A body worker or somatic therapist will give one-way touch, but with a sex surrogate, you can touch them.
This is not prostitution. Prostitution is for pleasure, which is great too. I love pleasure. But a sex surrogate is there to therapize you for a certain issue.
These are all great options. You just have to find something that works for you.
Michelle: So, Dr. Tara, once someone has dealt with the majority of their trauma—though there’s always going to be things that come up—how does someone then start to come into orgasmic living? What even is orgasmic living?
Dr. Tara: I like to tell people to have an orgasmic day. However, that doesn’t have to mean, “Remember to have penetrative sex!” To me, having an orgasmic day comes from living authentically and truly in your passion. And that can be whatever. It could be exercising in the morning, masturbating in the afternoon, having great sex at night, or having no sex at all.
Ultimately, it’s about you feeling like you’re living truly in your passions. And that’s how I want to live every day.
It’s not just about that actual scientific definition of clitoral or vaginal orgasms. I love them too, and I try to have them daily. But at the same time, there’s so much during the day that you can take advantage of; for instance, let’s say you take minutes to do sexual meditation, and it makes a day like a lot juicier. Or you start sexting your husband for five minutes, and that makes the day juicier.
Michelle: I love that, because this is something that really shifted for me. I thought being orgasmic meant that you were having orgasms all the time. You were constantly self-pleasuring, you were cumming every single time, you were always having sex…but for me, when I started to expand my definition of pleasure, that’s when things really started to shift.
I would sit on my couch and I would feel the warmth of the sun on my skin, and I would claim that as pleasure. I would literally say out loud, “This feels good.”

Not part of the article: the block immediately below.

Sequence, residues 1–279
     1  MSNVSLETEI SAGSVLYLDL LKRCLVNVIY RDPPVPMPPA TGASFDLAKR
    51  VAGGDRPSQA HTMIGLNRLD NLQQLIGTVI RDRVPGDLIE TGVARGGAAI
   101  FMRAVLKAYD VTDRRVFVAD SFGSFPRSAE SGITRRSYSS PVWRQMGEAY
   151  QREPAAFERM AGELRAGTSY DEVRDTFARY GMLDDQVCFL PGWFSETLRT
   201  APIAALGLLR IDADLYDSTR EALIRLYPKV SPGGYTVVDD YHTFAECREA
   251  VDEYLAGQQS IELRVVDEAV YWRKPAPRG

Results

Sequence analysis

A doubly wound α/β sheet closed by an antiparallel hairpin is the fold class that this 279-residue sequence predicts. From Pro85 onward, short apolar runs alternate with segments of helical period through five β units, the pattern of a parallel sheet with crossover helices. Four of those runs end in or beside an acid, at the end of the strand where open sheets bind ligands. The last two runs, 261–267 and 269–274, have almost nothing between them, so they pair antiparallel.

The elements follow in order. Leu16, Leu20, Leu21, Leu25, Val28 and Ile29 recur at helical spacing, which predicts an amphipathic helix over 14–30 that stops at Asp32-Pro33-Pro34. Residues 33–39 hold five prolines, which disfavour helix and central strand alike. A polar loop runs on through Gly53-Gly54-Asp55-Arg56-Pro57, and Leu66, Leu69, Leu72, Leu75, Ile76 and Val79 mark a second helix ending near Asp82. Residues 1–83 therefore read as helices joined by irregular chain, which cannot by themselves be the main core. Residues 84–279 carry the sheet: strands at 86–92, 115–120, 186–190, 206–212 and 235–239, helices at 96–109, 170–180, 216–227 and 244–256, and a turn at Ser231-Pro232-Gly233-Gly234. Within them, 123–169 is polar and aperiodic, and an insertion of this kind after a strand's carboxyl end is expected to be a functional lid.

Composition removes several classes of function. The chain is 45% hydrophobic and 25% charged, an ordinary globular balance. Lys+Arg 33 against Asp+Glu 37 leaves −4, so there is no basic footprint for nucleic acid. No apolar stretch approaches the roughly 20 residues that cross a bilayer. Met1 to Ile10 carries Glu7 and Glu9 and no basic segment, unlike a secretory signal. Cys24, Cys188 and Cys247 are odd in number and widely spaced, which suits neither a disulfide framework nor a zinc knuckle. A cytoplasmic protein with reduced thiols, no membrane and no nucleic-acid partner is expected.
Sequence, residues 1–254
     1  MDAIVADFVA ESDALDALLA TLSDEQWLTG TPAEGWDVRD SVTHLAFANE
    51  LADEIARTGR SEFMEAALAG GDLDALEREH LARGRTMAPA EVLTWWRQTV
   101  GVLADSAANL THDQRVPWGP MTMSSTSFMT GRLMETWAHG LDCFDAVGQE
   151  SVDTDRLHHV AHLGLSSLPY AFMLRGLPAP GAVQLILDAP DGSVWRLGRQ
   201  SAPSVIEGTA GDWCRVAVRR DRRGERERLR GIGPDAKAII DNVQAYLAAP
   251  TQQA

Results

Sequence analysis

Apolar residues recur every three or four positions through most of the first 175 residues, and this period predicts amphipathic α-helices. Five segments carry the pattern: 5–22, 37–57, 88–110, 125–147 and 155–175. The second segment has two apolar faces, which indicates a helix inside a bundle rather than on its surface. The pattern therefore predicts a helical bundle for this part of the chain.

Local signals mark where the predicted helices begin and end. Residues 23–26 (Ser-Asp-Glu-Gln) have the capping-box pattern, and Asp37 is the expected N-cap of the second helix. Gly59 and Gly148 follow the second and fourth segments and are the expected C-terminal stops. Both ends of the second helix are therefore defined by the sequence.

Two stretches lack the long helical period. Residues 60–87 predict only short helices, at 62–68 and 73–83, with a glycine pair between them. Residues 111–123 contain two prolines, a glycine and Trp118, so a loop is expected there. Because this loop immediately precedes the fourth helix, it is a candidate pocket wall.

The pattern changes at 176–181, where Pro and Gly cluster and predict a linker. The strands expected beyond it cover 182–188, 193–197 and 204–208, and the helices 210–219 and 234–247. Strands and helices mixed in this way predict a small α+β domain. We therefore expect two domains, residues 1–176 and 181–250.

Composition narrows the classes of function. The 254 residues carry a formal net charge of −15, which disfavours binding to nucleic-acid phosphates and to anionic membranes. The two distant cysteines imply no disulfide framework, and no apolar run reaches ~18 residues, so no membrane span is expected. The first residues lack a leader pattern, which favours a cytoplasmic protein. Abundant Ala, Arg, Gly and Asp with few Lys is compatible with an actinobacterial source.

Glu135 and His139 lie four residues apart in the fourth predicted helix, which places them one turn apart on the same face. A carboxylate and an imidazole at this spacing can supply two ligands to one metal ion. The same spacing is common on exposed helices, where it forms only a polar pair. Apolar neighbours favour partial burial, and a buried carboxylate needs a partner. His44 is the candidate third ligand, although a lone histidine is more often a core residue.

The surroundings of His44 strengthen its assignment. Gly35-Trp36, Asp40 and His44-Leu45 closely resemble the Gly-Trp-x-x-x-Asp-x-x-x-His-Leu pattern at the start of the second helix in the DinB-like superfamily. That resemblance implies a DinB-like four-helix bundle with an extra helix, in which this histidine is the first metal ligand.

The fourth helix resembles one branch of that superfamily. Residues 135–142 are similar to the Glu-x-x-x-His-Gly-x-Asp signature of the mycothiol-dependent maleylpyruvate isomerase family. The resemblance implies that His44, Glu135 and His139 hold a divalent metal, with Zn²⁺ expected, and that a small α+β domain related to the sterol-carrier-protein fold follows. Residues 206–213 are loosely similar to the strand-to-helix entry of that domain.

I remember being in the sauna, too; I was just feeling the warmth and feeling so relaxed, and I was stroking my body, and I said out loud, “This feels good. This feels pleasurable.” And I was rewiring my nervous system to be accepting of pleasure.
That doesn’t mean I’m getting fucked to God. It just means that feels good. That feels pleasurable. And I think a lot of women should have the opportunity to rewrite their experience and narrative around pleasure.
Michelle: Thank you so much for doing this! I really appreciate you being here, and I think you’ve offered such incredible insight.
Dr. Tara: I’m so honored to be here. I appreciate you giving space and time for normalizing sex positivity, because I feel like there’s good energy surrounding sex positivity right now. It’s a movement. So let’s keep it going, because if we can talk about sex like this between you and I, where we couldn’t have done this so openly ten years ago…what does it mean for ten years from now? We can be the ones that change it.
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I get it, girl. I’ve been there too. For years, I was going through the same experiences with men over and over again that left me feeling confused, anxious and pissed off.
I silenced myself in dating and relationships because I was terrified of being judged, rejected and abandoned. It all changed when I went through a break-up and thought “enough is enough. I cannot continue to repeat the same relationships with different men! Something HAS to change!”